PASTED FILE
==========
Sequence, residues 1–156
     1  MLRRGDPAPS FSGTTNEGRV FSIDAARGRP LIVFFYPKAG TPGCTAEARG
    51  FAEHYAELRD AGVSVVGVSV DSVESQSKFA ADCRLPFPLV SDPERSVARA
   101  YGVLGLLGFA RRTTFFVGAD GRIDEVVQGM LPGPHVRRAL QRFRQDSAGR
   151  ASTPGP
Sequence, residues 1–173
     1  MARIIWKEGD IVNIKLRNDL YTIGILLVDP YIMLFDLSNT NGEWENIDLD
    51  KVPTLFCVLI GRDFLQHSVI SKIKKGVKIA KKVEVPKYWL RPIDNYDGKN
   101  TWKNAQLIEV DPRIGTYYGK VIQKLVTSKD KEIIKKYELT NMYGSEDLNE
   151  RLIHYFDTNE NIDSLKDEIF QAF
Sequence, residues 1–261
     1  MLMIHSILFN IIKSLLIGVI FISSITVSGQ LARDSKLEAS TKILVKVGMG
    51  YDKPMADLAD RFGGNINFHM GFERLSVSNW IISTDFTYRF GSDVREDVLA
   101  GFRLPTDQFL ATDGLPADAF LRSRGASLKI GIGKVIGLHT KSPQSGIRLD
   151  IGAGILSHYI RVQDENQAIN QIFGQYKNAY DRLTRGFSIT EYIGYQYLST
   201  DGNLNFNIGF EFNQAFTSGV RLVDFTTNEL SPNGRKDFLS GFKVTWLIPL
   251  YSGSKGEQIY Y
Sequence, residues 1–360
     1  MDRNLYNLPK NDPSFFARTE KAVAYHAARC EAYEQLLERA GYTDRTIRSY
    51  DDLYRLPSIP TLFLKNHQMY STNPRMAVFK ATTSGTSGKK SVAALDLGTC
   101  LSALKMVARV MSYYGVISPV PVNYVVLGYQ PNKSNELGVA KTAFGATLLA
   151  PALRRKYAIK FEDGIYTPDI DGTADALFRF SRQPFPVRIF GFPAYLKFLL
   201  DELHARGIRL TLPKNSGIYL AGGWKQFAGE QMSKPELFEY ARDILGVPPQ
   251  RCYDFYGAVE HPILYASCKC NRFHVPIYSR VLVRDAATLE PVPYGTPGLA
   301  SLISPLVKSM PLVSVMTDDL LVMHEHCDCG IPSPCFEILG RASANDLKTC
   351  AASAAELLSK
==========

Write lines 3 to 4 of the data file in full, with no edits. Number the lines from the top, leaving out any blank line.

    51  FAEHYAELRD AGVSVVGVSV DSVESQSKFA ADCRLPFPLV SDPERSVARA
   101  YGVLGLLGFA RRTTFFVGAD GRIDEVVQGM LPGPHVRRAL QRFRQDSAGR